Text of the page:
Housing numbers still a guessing game

Last minute policy flip tory

The final York Council meeting last week approved a Tory motion covering the vexed question of how much land should be reserved for house building over the next 20 years.

There have been many different house building predictions floated over the last four years.

The final decision of the Liberal Democrat led Council was to approve a Council Plan allocating space for 575 additional homes a year.  These would all have been built on sites which either already had planning permission or on “brownfield” previously developed sites. The plan assumed that 10% of sites would be “windfalls” – sites like the former Press building which unexpectedly became available for residential development.

That Plan was later jettisoned by a new Labour administration that by 2012 had come up with a figure of between 1200 and 1400 homes per year. This was far beyond the natural growth of the City (homes for existing York residents) with 80% of the 40,000 new homes likely to be occupied by inward migrants.


Most of the homes were to have been built on Green Belt land.

Big City small

It led to a public outcry with residents launching an “Our City, not Big City” campaign.


Eventually in October 2014 the Labour Leadership was forced to resign and their Draft Local Plan numbers were abandoned.

However the new Council to be elected on May 7th will need to adopt a new Local Plan. With the latest  ONS figures painting a very different picture of housing need in the City, the Conservatives were right to say that much lower house building numbers were now justified.

However their web site paints a confused picture.

click to enlarge

click to enlarge

On it they talk about a need to build 830 additional homes per year. That amounts to 16,600 additional houses during the next 20 years, and means the City would expand in size by 21% by 2035. Over 50% of the new homes would be likely to be occupied by inward migrants.

It appears that some Councillors have misunderstood the latest ONS population projections.

The latest figures say that York would have a natural population growth of 19,000 people between 2014 and 2030. This generates a demand for 540 extra homes each year.  

Anything above that figure caters for (in many peoples view unsustainable) economic growth

So it looks like the Tories are now also planning a “Big City” growth plan. Inevitably this would mean building on large parts of the Green Belt.

NB Over 50% of new planning permissions are currently being given for “windfall sites” All are “brownfield”

On average, over the last three years, 382 new homes per year have been built in York

York Council debates ending Council House sales

The present York Council had its final meeting last week. Predictably there were some desperate attempts to remedy the omissions of the last 4 years.

Policy flip

Labour proposed that Council house sales in the City should be halted. They lurched back to a position which cost them the control of the York Council as long ago as 1973.

Since then both Conservative (Thatcher) and Labour (Blair/Brown) governments have supported Council house sales. The present coalition government – largely at the insistence of the Tories – extended the maximum discount available to  tenants to £70,000.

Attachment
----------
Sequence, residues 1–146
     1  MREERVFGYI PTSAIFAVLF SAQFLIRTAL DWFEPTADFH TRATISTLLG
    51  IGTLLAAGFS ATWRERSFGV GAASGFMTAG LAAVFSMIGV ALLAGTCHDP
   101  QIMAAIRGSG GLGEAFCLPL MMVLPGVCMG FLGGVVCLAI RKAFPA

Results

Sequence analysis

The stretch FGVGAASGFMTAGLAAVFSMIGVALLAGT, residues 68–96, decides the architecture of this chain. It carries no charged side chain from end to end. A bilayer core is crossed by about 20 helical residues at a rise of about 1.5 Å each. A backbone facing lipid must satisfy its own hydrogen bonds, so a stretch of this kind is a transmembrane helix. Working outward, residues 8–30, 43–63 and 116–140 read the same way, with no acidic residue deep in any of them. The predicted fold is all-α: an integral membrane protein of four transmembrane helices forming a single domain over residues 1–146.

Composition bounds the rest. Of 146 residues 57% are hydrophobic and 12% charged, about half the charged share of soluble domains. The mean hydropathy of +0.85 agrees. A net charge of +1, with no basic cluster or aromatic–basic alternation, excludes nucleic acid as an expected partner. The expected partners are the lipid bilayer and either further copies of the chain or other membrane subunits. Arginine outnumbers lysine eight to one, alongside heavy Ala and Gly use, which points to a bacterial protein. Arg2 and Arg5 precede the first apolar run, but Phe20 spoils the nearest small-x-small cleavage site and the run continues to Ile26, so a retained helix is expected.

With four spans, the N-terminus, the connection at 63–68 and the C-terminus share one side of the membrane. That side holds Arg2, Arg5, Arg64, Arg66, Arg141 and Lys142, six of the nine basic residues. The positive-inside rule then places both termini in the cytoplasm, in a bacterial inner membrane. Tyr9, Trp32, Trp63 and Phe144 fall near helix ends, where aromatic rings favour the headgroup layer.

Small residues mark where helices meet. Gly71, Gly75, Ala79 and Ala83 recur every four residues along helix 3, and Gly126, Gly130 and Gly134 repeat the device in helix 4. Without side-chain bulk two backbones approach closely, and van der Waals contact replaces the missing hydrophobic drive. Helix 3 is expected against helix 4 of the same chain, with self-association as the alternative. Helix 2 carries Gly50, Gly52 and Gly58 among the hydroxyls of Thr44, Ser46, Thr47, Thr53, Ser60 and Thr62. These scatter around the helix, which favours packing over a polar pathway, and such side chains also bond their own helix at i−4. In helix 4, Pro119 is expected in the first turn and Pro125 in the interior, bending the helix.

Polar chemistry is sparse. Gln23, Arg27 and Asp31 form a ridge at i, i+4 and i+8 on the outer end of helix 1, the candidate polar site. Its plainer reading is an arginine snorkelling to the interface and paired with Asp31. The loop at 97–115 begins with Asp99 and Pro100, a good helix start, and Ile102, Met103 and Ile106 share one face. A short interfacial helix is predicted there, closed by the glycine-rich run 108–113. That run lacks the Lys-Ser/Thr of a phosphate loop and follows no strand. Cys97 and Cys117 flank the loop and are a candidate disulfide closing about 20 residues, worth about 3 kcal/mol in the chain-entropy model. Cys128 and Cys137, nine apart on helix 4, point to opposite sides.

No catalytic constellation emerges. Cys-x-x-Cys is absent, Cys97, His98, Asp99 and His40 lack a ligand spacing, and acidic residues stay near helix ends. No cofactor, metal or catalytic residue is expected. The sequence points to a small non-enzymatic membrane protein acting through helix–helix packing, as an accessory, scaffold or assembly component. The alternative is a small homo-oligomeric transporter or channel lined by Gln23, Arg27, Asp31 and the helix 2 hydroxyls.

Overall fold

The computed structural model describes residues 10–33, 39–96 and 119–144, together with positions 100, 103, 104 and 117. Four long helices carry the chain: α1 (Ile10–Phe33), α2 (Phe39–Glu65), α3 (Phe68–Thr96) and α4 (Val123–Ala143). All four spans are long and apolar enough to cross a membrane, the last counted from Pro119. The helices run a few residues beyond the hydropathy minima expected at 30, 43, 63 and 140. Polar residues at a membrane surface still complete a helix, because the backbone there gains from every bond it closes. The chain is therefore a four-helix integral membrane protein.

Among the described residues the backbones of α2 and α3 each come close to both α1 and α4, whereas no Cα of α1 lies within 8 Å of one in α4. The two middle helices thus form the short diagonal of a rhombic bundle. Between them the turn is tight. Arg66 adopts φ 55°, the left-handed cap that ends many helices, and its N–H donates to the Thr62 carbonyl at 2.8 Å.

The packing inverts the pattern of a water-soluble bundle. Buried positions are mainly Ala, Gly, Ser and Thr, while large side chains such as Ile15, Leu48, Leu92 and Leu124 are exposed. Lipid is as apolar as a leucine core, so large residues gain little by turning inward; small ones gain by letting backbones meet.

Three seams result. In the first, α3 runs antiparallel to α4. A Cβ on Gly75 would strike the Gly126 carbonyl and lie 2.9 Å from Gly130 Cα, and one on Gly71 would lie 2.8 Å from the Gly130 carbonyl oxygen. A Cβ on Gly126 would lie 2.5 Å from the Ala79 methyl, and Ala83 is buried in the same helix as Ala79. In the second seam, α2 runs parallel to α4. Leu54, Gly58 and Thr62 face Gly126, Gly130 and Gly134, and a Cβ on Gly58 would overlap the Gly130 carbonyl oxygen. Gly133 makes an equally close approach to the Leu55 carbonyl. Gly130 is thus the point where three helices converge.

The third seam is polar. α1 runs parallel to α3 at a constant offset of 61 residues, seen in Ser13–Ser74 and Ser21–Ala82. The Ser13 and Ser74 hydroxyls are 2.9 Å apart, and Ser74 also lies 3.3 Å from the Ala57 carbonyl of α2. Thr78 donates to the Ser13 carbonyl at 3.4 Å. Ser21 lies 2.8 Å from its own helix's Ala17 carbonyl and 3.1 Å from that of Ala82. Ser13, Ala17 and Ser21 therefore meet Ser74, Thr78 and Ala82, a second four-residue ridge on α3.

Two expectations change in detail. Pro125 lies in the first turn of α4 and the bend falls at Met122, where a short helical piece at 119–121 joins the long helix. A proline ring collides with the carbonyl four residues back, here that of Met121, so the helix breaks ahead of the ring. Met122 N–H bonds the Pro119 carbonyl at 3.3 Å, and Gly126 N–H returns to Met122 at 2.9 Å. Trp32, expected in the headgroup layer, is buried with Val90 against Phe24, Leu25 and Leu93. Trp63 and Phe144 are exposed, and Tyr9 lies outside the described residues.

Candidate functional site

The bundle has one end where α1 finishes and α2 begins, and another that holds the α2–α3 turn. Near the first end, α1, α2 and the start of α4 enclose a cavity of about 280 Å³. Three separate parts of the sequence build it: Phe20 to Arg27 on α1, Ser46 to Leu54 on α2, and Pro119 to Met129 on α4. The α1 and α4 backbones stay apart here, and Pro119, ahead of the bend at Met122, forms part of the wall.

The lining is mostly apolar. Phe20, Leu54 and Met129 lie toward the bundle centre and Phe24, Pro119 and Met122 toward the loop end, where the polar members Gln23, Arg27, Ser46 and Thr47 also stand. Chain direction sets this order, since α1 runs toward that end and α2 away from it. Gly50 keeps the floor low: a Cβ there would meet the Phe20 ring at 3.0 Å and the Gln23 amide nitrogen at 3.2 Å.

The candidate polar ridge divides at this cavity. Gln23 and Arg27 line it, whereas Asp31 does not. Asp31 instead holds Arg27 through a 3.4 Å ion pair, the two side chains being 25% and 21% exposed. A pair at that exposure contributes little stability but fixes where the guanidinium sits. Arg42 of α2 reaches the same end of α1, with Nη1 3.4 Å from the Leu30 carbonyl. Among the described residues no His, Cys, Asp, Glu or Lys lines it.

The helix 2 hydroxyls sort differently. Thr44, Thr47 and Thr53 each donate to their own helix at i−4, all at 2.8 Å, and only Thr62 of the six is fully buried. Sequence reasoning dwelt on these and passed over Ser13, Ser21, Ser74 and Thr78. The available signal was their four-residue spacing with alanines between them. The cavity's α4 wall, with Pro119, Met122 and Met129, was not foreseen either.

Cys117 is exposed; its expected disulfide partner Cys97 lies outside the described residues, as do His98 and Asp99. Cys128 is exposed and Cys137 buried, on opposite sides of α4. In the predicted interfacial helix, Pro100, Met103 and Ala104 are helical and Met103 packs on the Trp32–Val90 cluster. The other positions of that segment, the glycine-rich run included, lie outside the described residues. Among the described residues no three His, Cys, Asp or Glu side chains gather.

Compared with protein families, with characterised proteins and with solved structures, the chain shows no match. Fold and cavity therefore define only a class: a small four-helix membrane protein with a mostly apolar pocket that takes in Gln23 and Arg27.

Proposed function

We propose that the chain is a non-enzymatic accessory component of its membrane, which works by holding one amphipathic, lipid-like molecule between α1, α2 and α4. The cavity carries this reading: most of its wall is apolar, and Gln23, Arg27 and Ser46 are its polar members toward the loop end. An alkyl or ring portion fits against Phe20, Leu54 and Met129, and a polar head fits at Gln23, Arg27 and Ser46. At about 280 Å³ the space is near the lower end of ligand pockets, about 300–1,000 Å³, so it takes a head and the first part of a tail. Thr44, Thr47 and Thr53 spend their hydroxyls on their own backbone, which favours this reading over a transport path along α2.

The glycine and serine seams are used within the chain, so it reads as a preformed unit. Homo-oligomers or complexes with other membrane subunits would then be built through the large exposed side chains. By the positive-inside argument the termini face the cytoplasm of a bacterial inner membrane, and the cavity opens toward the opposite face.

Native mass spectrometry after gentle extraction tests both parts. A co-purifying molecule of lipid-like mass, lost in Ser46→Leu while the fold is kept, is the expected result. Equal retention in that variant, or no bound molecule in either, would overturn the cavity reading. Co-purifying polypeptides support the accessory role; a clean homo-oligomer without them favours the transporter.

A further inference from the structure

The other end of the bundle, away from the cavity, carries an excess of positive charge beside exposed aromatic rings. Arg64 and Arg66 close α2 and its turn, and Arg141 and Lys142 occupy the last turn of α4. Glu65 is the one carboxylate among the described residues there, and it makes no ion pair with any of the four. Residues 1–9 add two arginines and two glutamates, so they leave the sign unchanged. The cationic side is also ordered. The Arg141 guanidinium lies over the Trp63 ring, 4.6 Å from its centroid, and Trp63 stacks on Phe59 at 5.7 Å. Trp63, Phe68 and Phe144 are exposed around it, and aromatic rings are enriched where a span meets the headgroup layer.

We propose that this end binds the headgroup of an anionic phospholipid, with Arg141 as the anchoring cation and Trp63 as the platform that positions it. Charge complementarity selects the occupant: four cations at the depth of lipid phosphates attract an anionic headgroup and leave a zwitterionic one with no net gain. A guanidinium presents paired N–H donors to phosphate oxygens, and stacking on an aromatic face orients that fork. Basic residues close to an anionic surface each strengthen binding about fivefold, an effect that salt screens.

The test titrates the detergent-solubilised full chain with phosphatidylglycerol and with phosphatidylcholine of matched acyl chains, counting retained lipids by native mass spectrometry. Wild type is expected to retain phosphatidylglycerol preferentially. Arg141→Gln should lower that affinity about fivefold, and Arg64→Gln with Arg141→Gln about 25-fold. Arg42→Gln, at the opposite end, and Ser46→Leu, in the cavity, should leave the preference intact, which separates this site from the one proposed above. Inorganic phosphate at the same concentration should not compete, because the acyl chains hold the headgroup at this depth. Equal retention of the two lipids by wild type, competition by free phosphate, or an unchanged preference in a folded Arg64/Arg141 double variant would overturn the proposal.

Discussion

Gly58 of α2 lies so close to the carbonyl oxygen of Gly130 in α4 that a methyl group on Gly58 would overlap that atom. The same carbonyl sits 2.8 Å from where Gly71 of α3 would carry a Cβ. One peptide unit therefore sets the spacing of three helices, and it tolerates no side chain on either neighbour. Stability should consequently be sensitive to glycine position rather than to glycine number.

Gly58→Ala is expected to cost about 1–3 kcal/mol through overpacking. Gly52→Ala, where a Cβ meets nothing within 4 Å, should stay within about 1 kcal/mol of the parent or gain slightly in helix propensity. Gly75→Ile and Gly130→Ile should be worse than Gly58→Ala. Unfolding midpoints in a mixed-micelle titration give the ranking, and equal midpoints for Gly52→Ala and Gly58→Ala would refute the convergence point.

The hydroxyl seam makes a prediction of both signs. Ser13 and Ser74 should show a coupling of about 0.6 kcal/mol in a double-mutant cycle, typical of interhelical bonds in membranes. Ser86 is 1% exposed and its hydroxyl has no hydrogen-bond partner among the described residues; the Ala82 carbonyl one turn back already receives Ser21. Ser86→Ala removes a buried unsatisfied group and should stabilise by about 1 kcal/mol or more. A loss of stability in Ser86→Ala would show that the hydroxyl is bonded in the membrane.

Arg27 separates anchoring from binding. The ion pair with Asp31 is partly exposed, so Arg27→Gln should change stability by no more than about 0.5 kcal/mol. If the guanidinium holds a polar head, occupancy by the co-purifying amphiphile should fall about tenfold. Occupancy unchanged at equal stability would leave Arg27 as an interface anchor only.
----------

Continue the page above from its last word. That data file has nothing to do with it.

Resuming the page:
However, they also dealt with some long running issues which restricted a Councils ability to reinvest the money made from sales into new Council homes.

The York Council has made little use of the flexibility. It has accumulated a £15 million surplus on its housing account…and this despite the continued decline in investment in York’s Council estates.

The coalition government also now allows Councils to retain all the money that it takes in rents. The previous Labour government had creamed off any “surplus” and transferred it to subsidise tenants in other parts of the country.

Estate maintenance stadards falling in York

Estate maintenance stadards falling in York

The York Council now has much more flexibility than it used to have, although housing rent income may still only be used for “housing purposes”.  The income cannot, for example, be used to reduce Council Tax levels or raise public service standards like road repairs.

The supporters of the change to the housing sales rules say that it would address the widening gap between private sector rents and earnings in the City.

In fact until very recently, house prices – which influence rent levels – had been stable since 2008.

Given the relatively low level of sales (122 sold since 2011, out of a stock of over 8000) we doubt a sales freeze would make much difference anyway.

One the face of it, the level of discounts given to purchasers could be determined locally. After all, each local authority area has different characteristics. 

But there are too many Councils, including York, which are in the hands of hard line politicians who care little about the views of ordinary people. In 2011 we ended up with an uncompromising Labour administration who had gained the support of only 40% of the electorate.

In a separate debate the present Council refused to sanction a return to a committee system for making decisions. This traditional British system allowed all viewpoints to be aired before decisions were taken.

Until change of this sort is agreed, then it would be difficult for any democrat to argue that more decisions, of the type which affect people’s everyday lives, should be delegated if they are to be determined, behind closed doors, by dogmatic party puppets.

There is little chance that any government will suspend Council House sales. The York Council’s move was window-dressing.

But its failure to build only 37 new Council houses during the last 4 years, most definitely will be a factor that influences many residents voting intentions on 7th May